Adept Economics Director Gene Tunny has spoken with a world-leading expert on lithium in Economics Explored episode 113. The expert is UK-based Lukasz Bednarski, a battery materials analyst and a former commodity trader. In his new book Lithium: The Global Race for Battery Dominance and the New Energy Revolution , Lukasz describes How a little-known mineral will affect our jobs and daily lives as much as, if not more than, AI or Big Data have done.
Lithium is a fascinating mineral. It is the third element on the periodic table and the lightest metal and solid (under standard conditions). Lithium has a range of uses including both non-rechargeable lithium metal batteries and rechargeable lithium-ion batteries. The demand for lithium is expected to soar, given its role in what is described as the “new energy revolution”, and Australia is well-placed to benefit economically from increased demand.
Lithium and the new energy revolution
The modelling report for the Australian Government’s Long-Term Emissions Reduction Plan contains some very useful information and commentary on various technologies relevant to decarbonisation. One important technology is the lithium-ion battery and the modelling report notes on p. 20: ” Lithium-ion batteries are the cheapest form of grid-scale battery storage currently available. Costs are expected to fall further thanks to manufacturing scale up driven by the rapidly growing electric vehicles market.” There is a lot of excitement in industry about lithium, and let’s hope industry is right, so we can cheaply store all the new intermittent energy being generated by wind and solar, and we don’t end up with an unreliable electricity grid with regular brownouts and blackouts.
Australia – the world’s top lithium producer
As noted above, Australia is well-placed to respond to the soaring demand for lithium, as is the state of Queensland, where Adept Economics is headquartered.
In recent years, Australia and Chile have swapped places as Australia has aggressively developed its lithium reserves with production jumping nearly 170% in 2018 putting Australia in first place globally. In 2019, the world’s top five lithium producers were Australia (52.9%), Chile (21.5%), China (9.7%), Argentina (8.3%) and Zimbabwe (2.1%). Chile holds 55.5% of the world’s total lithium reserves with Australia following behind at 18.1%. Given the abundance of lithium reserves and the current status of lithium production, it is likely Australia and Chile will remain the world’s lithium-production superpowers for the foreseeable future.
The demand for lithium, particularly from Australia, is not going to wane in the near future. Supply-side constraints may mean higher prices particularly as electric vehicle demand starts to rise.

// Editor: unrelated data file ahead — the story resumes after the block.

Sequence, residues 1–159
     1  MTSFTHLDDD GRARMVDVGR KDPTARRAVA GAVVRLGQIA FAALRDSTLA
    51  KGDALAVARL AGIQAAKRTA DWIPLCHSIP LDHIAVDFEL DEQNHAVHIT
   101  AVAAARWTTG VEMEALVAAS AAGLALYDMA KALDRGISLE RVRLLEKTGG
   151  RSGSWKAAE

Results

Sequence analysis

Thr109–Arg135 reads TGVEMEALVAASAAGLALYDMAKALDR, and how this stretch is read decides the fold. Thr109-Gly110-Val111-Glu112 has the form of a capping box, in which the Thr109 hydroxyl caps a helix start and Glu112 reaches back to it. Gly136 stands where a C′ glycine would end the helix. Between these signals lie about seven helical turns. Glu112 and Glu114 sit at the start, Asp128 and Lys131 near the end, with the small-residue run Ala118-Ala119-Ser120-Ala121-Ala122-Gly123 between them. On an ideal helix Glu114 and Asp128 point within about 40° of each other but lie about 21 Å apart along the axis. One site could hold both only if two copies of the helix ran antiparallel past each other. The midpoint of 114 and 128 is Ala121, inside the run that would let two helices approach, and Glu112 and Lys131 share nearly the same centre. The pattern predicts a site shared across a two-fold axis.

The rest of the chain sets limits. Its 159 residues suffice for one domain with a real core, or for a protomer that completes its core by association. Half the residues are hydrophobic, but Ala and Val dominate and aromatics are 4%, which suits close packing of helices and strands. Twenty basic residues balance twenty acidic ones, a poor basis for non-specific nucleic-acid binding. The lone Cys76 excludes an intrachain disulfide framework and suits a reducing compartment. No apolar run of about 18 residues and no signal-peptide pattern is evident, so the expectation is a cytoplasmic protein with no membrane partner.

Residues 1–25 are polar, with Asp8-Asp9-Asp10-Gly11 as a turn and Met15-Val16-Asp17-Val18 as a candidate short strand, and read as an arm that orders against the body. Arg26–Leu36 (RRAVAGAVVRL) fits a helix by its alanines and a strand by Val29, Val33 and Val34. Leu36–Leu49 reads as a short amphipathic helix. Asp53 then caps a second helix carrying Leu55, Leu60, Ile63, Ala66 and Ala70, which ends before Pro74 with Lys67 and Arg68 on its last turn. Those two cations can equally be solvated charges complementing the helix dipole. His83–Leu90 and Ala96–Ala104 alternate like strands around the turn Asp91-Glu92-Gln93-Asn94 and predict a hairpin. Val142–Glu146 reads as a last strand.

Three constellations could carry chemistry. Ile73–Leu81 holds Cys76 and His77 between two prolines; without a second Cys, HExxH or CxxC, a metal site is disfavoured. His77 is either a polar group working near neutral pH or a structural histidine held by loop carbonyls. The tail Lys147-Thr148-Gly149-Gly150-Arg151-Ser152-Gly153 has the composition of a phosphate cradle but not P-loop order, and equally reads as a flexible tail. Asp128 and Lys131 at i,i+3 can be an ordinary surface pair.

Potential for lithium mining in Australia and Queensland
There is certainly significant potential for additional lithium mining in Australia given our reserves. Australia is well placed to meet growth in lithium demand, with many hard-rock, pegmatite-hosted lithium resources which are largely in Western Australia. There are numerous companies mining or exploring for lithium in Australia, largely focused on Western Australia. These include the producing Greenbushes Mine, the newly or soon-to-be producing Pilgangoora, Mount Cattlin, Early Grey, Mount Marion and Bald Hill deposits, plus other deposits with significant lithium resources.
In 2017 Geoscience Australia estimated total lithium production to be at least 21.3 kt based on estimates by the Western Australian Government. According to Geoscience Australia “at a rate of production of 21.3 kt per annum, Australia’s current Ore Reserves of lithium are adequate for 79 years.”
In Queensland, Lithium Australia has substantially established ground in North Queensland through its Cape York, Amber and Croyden projects, covering a combined area of almost 5000 square kilometres. According to Lithium Australia “these highly prospective geological environments in the far north of the state have been identified through a detailed understanding of the geology of the area, as well as open-file data research.”
Private exploration company Strategic Metals Australia (SMA) claimed to have discovered a new lithium province in Georgetown, North Queensland. The deposit is 400 kilometres south-west of Cairns. According to exploration director Bradley Crighton, “the discovery opens up the potential for Queensland to become a significant miner and processor of Lithium salts for battery manufacture in the state”. However, considerable work is required to bring the discovery to production such as drilling, modelling, resource calculation and feasibility studies.
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